It won't be instant, but once you can combine the covid data with $(all sorts of location data leaking from 99% of people's phones) then all those not-consenting people have been mapped.

Well if you have 99% of people's movements you hardly need the covid-19 data, but putting that nitpicking aside: reconstructing Alice's movements in the event Alice gets sick is the whole point of contact tracing. This proposal isn't trying to solve that for people who get sick, it's so that people who aren't sick don't have to be traced everywhere they go to do contact tracing. Now, you might say that your trail of infection is your own business and no-one else has the right to know it, to which I point out that every ideology has challenges it cannot overcome, and libertarianism is poorly equipped to deal with pandemics*.

The problem is getting Bob's movements, and as far as I can tell you can't actually get anything from Bob because the communication is one-way - Alice posts the last 14 days of codes, which are only date stamped for the day (as noted in the technical docs), and Bob's device sees those codes recorded. Bob doesn't send a message back to the central server saying 'I'm self-isolating'.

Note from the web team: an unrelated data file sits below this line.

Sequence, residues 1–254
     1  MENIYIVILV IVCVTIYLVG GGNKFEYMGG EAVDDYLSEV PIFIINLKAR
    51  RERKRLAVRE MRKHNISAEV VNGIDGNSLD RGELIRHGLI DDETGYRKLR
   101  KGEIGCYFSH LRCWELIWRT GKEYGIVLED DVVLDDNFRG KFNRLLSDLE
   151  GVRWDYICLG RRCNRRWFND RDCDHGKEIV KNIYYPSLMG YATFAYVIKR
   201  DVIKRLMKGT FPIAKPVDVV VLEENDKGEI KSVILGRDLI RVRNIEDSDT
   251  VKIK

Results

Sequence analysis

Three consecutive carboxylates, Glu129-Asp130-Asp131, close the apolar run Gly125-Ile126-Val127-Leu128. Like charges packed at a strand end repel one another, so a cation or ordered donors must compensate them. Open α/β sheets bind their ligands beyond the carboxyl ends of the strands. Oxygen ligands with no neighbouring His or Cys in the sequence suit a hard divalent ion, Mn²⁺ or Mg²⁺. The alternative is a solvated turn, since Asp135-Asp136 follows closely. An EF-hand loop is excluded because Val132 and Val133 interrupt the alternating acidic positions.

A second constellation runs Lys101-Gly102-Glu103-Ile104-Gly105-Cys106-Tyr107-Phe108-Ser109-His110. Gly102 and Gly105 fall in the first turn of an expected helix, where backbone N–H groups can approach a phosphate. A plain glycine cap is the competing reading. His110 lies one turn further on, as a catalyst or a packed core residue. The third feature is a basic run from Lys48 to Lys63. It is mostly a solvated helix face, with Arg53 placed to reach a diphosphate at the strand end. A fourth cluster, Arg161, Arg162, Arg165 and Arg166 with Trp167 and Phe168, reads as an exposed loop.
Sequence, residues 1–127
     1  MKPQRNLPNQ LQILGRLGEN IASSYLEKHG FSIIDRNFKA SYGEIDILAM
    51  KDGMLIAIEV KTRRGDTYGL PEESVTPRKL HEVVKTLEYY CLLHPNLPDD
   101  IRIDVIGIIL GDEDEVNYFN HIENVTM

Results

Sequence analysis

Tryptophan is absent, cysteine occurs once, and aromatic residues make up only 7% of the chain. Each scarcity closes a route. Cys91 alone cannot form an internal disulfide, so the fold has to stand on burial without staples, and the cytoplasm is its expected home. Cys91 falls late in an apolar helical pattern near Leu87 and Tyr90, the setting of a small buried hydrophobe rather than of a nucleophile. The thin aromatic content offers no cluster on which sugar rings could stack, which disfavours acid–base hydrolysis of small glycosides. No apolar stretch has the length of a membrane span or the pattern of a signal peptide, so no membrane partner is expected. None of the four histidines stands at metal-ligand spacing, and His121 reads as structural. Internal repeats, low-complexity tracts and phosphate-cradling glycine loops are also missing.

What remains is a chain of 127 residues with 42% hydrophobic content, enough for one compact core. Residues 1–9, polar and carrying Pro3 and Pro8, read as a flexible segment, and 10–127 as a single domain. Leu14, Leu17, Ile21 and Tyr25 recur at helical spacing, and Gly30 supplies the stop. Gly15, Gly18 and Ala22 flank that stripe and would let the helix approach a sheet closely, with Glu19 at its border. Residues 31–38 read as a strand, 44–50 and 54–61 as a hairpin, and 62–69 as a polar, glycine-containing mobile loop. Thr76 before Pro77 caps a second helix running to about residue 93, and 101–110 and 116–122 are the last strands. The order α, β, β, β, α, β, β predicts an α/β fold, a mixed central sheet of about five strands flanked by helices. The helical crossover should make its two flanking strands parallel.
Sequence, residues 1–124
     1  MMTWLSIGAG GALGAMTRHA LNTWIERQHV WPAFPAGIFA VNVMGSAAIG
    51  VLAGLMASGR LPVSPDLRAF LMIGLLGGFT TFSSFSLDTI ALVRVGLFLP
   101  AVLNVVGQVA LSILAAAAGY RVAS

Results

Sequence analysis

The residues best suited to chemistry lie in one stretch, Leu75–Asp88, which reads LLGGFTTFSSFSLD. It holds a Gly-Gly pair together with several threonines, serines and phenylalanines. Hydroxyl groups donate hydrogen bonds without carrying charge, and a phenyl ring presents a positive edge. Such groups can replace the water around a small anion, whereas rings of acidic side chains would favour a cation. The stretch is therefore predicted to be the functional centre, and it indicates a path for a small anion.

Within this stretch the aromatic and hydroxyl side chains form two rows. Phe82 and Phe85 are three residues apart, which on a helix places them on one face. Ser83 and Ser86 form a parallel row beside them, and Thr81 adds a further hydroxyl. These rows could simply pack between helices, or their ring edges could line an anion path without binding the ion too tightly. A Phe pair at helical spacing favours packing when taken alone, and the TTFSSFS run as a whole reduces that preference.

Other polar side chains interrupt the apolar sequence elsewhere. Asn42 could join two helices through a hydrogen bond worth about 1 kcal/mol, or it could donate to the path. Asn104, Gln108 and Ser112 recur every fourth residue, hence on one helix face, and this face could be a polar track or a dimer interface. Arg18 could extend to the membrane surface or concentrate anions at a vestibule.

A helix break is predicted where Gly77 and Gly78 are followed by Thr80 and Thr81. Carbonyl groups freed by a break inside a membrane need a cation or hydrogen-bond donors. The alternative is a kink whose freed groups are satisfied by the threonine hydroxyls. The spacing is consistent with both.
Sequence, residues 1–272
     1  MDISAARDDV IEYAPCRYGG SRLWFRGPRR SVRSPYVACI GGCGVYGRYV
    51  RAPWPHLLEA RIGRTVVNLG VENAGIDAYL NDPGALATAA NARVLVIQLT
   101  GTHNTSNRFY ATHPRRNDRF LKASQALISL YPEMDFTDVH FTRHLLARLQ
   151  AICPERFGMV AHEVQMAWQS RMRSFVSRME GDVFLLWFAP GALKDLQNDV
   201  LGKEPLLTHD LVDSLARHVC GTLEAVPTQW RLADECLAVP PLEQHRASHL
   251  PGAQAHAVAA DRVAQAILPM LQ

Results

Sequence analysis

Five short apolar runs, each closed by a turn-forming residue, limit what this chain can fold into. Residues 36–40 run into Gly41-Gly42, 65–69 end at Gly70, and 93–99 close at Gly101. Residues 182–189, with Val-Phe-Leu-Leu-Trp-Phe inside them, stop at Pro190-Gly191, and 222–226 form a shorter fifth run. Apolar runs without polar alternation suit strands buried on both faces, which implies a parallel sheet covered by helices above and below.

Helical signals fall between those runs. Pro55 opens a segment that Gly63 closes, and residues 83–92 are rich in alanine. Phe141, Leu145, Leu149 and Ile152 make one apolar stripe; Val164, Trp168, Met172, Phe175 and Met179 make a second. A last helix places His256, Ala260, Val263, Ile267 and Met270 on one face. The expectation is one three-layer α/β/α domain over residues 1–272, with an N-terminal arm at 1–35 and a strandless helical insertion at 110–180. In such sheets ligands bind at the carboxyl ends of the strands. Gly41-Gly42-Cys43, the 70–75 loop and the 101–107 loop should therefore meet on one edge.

*also, the general distribution of power, and how to organise societies - what I'm saying here is that libertarianism is an unserious ideology
posted by Merus at 8:14 AM on April 11 [3 favorites]


Well if you have 99% of people's movements

Not quite what I said, but sure, whatever: that would be data that various people (not including Alice or Bob) have consented to share.

The problem is getting Bob's movements, and as far as I can tell you can't actually get anything from Bob because the communication is one-way - Alice posts the last 14 days of codes, which are only date stamped for the day (as noted in the technical docs), and Bob's device sees those codes recorded. Bob doesn't send a message back to the central server saying 'I'm self-isolating'.


This seems to me to be the USP of this system, but the idea that Bob has anonymity here depends on the idea that he isn't otherwise tracked. Everybody who's thought about this knows that this is not the case. Everyone is always tracked by something, the question is whether db1 checks itself against db2 etc.

I'm not trying to slag off the OP thing, but it's not really sensible to consider this stuff in a vacuum.
posted by pompomtom at 8:46 AM on April 11 [2 favorites]


I saw the cartoon and have a question.

Bluetooth proximity is not real proximity. I can see my neighbors devices but I am in no way in contact with them Here in the dense city where I live someone could walk down the street and even stop in front of our place and ping our phones. If they are infected how is that relevant to me or all the residents of the other houses they have passed?